You don’t have to be a seasoned professional to capture the grilling spirit of an Israeli BBQ here in the U.S. this summer.

Israelis are known for their delicious charred shashlik (shish kabobs) and steakim (steaks). Our homeland’s Independence Day is commemorated in Spring with massive celebratory barbecues at the national parks (although this year’s celebration was a little different).

Whether it’s a patriotic 4th of July celebration or a family Shabbat dinner, there’s plenty of time to add some Israeli flavor to your epic summer barbecue.

American and Israeli BBQ

From Mexican barbacoa to the tandoori of India, cooking with fire plays a central role in cultural celebrations and feasts around the globe. In America, barbecuing dates back to North American colonists who adopted Native American cooking concepts and combined them with their own. Now American BBQ is as red, white, and blue as baseball, apple pie, and the bald eagle.

Check out all the raw meat in this video from food and recipe vlogger Yaron, and you’ll see that Israelis love barbecuing just as much as we do. We’re not sure how much you know about Yom Ha’atzmaut, Israel’s Independence Day, but it’s prime time to cook and dine on meats and veggies of the mangal or al haesh, two common names for grilling in Israel.

The food of Israeli barbecues is as flavorful and diverse as the Jewish Diaspora with the historical influences from Ashkenazi, Sephardi, and Mizrahi Jews. We may all have our own approaches to grilling kabobs, but that’s just the tip of the skewer.

Your Experience Can Help: Whether you’re an alum, family member, or longtime trip leader, sharing your experience can benefit future trip participants! Share Your Story >
Your Experience Can Help: Whether you’re an alum, family member, or longtime trip leader, sharing your experience can benefit future trip participants! Share Your Story >

Summer Starters, Sides, and Salads

Ease your guests into your Israeli BBQ with starters, sides, and salads like hummus, tahini, or Veggie “Chopped Liver” for dipping with pita and veggies. Sauteed with eggplant and zucchini, this Turkish Salad from food blogger Jamie Geller is another great dip, and it’s even better when served warm. Or, if you’d rather make something cool, try this Melon and Tomato Gazpacho.

When it comes to salad, nothing captures the flavors of the Promised Land better than a classic Israeli Salad. For a true taste of the Middle East, try this spicy Summer Corn, Tomato, and Salmon Salad with Za’atar Dressing. With cucumbers, peppers, tomatoes, mushrooms, and more, Rainbow Salad is light, flavorful, and colorful. Want something distinctive? Pomegranate molasses makes this Grilled Onion Salad with Sumac and Herbs different from all other summer salads.

Meaty and Meatless Main Dishes

By now you’ve fired up the grill, whipped up some Kosher BBQ Sauce, and you’re ready for the main event. 

While Australians throw shrimp on the barbie, Israelis sear shashlik, like marinated lamb skewers, on the mangal. Skewers are an Israel BBQ treat whether they’re made with vegetables, lamb, beef, or chicken. You can use dark chicken meat, like in this Israeli grilled Pargiot recipe or perhaps even a mixture of lamb and ground beef. If you like to play with your flavors a bit, try a sweet recipe like Honey Glazed Skewered Beef or savory Moroccan-Spiced Lamb.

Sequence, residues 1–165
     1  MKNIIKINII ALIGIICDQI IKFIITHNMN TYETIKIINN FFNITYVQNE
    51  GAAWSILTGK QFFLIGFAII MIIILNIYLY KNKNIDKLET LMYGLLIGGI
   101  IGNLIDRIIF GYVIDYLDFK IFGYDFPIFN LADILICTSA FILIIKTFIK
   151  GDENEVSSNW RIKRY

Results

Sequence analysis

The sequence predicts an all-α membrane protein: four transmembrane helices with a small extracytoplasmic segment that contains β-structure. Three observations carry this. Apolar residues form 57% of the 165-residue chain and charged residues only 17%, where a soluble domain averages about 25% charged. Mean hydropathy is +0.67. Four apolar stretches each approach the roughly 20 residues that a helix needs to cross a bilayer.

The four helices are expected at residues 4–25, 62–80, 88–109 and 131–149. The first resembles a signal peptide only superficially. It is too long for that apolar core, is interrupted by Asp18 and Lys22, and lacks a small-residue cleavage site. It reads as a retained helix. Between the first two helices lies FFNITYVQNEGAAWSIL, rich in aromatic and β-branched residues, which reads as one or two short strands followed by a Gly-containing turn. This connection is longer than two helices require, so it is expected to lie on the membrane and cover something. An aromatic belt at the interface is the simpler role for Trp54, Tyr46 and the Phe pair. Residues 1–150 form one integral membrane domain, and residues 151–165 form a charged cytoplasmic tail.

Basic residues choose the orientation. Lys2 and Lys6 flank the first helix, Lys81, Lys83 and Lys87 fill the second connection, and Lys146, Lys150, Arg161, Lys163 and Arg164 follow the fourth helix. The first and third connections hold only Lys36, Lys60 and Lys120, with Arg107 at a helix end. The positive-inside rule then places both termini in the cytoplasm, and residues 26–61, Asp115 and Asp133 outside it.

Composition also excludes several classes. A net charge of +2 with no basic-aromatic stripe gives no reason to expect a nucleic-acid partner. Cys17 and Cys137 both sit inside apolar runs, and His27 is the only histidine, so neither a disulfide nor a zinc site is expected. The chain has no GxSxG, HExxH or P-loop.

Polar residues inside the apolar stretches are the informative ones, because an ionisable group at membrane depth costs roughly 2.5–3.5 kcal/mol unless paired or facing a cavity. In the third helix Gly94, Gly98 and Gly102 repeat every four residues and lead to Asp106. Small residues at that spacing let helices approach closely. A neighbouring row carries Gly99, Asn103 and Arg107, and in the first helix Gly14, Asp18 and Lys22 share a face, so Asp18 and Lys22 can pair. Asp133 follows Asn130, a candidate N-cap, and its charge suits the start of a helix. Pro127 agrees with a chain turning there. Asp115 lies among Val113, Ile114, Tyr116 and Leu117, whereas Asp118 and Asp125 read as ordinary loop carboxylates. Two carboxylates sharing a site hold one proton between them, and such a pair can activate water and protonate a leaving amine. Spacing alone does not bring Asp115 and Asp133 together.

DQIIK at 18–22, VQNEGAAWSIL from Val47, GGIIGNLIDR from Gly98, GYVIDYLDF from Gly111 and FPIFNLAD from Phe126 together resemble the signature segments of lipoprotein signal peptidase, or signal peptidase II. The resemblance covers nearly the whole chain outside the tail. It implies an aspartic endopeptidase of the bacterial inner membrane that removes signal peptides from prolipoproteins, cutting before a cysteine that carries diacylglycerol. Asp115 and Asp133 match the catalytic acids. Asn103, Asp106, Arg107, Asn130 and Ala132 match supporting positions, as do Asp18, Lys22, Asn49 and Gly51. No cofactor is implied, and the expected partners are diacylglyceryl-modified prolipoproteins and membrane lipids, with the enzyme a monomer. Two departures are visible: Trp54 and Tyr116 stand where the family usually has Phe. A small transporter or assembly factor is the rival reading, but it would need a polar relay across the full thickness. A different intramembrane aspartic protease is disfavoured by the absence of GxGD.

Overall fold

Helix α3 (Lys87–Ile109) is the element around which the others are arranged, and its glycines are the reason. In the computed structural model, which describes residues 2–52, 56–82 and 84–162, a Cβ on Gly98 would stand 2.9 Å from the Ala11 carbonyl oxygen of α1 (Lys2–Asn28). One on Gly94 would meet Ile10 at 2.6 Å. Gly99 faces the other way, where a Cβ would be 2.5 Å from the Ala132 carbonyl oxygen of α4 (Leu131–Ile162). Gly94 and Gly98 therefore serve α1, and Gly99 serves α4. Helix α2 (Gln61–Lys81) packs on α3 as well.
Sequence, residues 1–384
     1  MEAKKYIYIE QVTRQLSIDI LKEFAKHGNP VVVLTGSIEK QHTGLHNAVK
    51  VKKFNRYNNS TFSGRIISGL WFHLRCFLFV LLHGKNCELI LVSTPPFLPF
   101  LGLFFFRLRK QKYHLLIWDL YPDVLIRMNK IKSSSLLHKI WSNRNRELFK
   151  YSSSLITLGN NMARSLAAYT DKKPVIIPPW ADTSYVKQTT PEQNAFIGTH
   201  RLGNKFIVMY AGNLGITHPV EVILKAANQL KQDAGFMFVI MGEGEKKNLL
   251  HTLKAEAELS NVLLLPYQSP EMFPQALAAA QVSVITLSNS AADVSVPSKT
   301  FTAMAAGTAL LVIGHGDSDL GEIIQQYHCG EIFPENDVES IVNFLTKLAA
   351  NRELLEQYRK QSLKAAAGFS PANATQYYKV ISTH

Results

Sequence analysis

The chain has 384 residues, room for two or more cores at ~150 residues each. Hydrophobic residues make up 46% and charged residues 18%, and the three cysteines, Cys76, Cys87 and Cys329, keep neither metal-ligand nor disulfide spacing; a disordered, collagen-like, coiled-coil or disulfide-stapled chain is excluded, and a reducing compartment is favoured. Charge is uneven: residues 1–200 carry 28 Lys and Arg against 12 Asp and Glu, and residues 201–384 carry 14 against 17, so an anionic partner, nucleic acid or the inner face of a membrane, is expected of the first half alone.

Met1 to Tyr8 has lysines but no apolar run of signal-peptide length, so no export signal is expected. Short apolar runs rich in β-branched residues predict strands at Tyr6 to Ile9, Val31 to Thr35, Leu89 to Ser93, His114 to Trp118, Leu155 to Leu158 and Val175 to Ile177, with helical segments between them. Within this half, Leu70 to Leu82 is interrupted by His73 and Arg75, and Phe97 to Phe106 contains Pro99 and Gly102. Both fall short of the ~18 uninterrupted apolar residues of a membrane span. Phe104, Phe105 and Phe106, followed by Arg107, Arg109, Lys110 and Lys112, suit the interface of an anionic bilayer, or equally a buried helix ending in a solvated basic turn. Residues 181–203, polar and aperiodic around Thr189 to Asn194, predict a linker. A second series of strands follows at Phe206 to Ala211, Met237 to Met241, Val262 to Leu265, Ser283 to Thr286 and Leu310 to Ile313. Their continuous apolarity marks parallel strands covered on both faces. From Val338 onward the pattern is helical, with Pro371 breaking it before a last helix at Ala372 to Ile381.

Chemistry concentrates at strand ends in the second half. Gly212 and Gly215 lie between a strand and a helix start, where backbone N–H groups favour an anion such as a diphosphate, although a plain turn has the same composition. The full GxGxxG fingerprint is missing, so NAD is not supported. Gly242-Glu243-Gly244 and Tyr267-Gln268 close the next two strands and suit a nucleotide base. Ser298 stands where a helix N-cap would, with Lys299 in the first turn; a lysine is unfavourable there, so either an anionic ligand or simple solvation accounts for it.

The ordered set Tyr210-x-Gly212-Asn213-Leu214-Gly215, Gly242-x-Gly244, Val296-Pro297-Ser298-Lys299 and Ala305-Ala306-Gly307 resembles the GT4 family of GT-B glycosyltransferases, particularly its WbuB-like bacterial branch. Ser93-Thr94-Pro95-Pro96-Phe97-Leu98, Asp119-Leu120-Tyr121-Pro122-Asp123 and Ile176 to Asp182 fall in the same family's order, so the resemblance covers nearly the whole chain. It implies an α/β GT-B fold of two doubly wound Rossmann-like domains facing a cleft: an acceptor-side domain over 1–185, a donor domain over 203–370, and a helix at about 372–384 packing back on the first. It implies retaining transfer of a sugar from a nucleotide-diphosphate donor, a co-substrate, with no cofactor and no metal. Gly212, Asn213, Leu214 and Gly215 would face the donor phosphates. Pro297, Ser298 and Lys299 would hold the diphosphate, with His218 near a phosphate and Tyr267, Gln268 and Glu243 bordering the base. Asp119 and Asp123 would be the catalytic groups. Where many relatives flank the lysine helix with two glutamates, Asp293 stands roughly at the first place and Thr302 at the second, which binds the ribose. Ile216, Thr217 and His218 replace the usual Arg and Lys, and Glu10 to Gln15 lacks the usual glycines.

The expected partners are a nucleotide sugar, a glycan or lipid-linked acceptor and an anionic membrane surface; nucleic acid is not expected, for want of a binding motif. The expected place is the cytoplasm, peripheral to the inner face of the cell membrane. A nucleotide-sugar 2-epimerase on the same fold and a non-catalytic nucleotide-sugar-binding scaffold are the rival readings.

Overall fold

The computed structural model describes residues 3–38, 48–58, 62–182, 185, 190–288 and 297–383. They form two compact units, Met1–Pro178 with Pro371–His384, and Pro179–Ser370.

Believe it or not, everything at a BBQ doesn’t have to be cooked on a stick. For this Grilled Moroccan Chicken recipe, for instance, you’ll grill the whole breast. These Spicy Middle Eastern Chicken Wings from food blogger Tori Avey are baked in the oven, not on a grill. 

Any Jewish party worth its salt could use a good brisket, and this robust and smoky Barbecued Brisket and Burnt Ends fits the bill, but only if you have the time to prepare it because it takes 10 long hours on the grill. If fish is your wish, you’re in luck with these pareve recipes: Barbecued Steelhead Trout and Cedar Plank Salmon.

Vegetarians and vegans will enjoy stuffing a pita with falafel or—better yet—with barbecued cauliflower and onion. Speaking of stuffing, you can’t go wrong with grilled Vegetarian Stuffed Bell Peppers, filled with Israeli couscous, parmesan, herbs, and veggies. At family barbecues, kids will love helping to decorate their own Barbecued Pizza with tomatoes and fresh herbs before tossing the whole pie on the grill.

Though it may be messy, Flame Roasted Eggplant is a Middle Eastern favorite that’s well worth the effort. For an old-school eggplant recipe, try smoking eggplant over a fire, peeling and then mashing into a puree—a method of cooking once popular amongst the Moors and Jews in Spain. 

Desserts and Drinks

Every great Israeli BBQ deserves a grand finale. Wrap yours up with refreshing desserts like Lazy Gal Berry Crisp, Vegan Molasses “Cookie” Date Balls, or Creamy Raspberry Jello Squares. Made with watermelon and coconut yogurt, Watermelon and Coconut Ice Lollies are the perfect way to beat the summer heat. And speaking of sweet summer treats, how about a sizzling Grilled Peach Sundae?

We have no doubt that your Israeli BBQ will be the summer event to remember, but to guarantee extra giggles be sure to whip up a huge batch of refreshing Manischewitz Sangria with tons of fresh fruit.

Your Recipes and Stories

Do you have an Israeli BBQ recipe or experience worth sharing? Send it our way.